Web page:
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May 25, 2004

A Cool Media-Bashing Quote ...
From The WSJ


... the
second biggest circulation daily in the country.

Hypocritcal? Perhaps. Stupid. Yes.

Here's the bash from the Best of the Web feature at the WSJ (which used to be Best of the Blogs until everyone realized James Taranto never really linked to any blogs but Andrew Sullivan.)
NoKo Media Are Ghraib-Mad Too
North Koreans are "closely following the scandal of abuse meted out by the US military in Iraqi jails," reports Agence France-Presse from Pyongyang:

"I was shocked to see the pictures of naked Iraqi prisoners on television and in the newspapers," said Kim Sun-Ok, a 31-year-old employee working at a state telecommunications company.

"Most of my colleagues are saying the abuse is inhumane and cruel," the female Pyongyang resident said. "I think the Americans are like wild wolves that attack people without mercy."

Un Kyong-Hi, a college researcher in her 20s, said the abuses reinforced negative perceptions about the Stalinist state's ideological foe.

"Many people have seen pictures of the abuse, which is the top international news here. People's ideas that the United States is a barbarian country are being reinforced."


Trying to look on the bright side, we reflected that it's encouraging, at least, that the Pyongyang regime is relaxing its repression and allowing its people to see Western news reports. Then, alas, we read on: "While foreign visitors can watch news programmes through international satellite television channels at luxury hotels, ordinary people here have no such free access to outside information but get their news through the state media, which reflects the policies of the North Korean government."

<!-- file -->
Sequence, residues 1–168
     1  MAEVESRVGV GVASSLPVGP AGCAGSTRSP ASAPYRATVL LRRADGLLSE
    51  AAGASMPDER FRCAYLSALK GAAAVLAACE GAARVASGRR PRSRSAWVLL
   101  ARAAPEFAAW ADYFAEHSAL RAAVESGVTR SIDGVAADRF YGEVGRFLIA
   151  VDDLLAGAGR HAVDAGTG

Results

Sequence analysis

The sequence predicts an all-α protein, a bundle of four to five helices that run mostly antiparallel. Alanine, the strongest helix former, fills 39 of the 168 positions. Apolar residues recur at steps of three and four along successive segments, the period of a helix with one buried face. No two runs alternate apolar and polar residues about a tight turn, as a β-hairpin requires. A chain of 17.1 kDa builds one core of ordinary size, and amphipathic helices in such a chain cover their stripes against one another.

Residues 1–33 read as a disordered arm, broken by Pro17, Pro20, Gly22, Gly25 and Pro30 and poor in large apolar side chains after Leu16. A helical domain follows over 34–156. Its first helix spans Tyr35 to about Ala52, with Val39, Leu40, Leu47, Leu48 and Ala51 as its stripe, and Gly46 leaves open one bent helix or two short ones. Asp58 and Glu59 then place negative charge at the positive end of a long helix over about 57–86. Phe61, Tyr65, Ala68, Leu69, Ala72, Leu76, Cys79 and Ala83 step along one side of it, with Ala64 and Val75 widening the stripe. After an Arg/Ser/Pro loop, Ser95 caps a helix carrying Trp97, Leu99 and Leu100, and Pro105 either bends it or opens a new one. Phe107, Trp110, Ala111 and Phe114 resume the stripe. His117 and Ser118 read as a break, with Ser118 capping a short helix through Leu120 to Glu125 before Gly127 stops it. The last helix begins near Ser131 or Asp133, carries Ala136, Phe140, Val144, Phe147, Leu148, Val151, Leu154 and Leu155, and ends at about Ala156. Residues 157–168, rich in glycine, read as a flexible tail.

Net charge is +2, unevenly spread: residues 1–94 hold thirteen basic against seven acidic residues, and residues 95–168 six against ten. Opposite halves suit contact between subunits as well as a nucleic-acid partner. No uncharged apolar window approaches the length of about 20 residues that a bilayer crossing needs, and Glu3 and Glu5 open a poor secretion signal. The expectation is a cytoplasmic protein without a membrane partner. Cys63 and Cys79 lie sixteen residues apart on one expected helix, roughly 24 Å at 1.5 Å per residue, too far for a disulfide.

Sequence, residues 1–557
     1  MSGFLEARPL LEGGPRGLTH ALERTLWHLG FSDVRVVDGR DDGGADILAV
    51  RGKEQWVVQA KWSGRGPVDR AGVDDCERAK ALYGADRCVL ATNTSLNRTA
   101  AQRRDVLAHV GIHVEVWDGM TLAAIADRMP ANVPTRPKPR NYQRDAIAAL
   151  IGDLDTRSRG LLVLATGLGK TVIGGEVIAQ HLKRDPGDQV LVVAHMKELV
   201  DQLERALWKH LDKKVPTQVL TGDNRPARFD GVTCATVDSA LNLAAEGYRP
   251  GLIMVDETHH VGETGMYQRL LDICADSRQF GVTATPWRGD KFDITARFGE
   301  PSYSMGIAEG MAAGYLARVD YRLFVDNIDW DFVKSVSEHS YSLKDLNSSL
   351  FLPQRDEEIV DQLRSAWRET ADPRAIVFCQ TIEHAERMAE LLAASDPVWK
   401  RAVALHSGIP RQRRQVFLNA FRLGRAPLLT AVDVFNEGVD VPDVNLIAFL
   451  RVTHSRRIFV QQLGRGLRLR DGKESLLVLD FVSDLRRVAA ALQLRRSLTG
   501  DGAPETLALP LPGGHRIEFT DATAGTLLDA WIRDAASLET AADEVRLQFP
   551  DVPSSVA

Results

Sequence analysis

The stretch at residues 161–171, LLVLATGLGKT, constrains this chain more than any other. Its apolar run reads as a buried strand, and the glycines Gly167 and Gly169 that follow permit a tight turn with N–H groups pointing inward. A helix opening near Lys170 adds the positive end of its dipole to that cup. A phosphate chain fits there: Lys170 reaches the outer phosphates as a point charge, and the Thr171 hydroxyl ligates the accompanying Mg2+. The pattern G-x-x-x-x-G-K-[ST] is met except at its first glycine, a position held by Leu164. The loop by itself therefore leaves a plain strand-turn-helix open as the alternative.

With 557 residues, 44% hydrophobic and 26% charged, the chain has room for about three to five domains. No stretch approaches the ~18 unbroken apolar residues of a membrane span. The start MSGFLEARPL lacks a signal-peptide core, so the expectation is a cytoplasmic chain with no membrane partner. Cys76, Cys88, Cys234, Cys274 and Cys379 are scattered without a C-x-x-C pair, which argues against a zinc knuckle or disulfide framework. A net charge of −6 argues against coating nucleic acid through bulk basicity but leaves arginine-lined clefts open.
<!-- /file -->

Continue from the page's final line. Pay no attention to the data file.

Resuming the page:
The difference between North Korea and America, then, is that here the media are free not to portray America as a "barbarian country." Too bad they don't use that freedom more often.
Hey that's funny. 'Cept I think the only one to use the phrase "barbarian country" in US mainstream media is you, sorry "we" in the WSJ.

And who is this we? Well, apparently it took this many (Carol Muller helps compile Best of the Web Today. Thanks to Barak Moore, Michael Segal, Susan Petrarca, Lawrence Peck, Carolyn Grotevant, Pat Ducey, Jason Osborn, Michael Hatzimichalis, Burt Rublin, Matt Duffy, Charlie Gaylord, Thomas Dillon, Anil Adyanthaya, Erik Andresen, Alan Ogletee and Suzanne Vesper) people to put the thing together - under James' name.

Grammar Dramar (Same link above) One of those many people above does make the rational point that using "homicide bomber" or "homicide bombings" for "suicide bomber" - something only Fox maintains regularly - makes absolutely no sense at all.

And here is the summary of why: Suicide describes the method of bombing not the result, in the same way car bombing describes a method of killing others. It's not called car homicide bombing.

It;'s also quickly a redundancy: Bombing kills 4. Or homicide bombing kills 4. Or Suicide bombing kills 4. Unless you are hip to the Fox code, it makes no sense to say homicide bombing kills 4 as "bombing kills 4" delivers exactly the same information and suicide bombing delivers additional information.

Bonus: Pro-war poetry at WSJ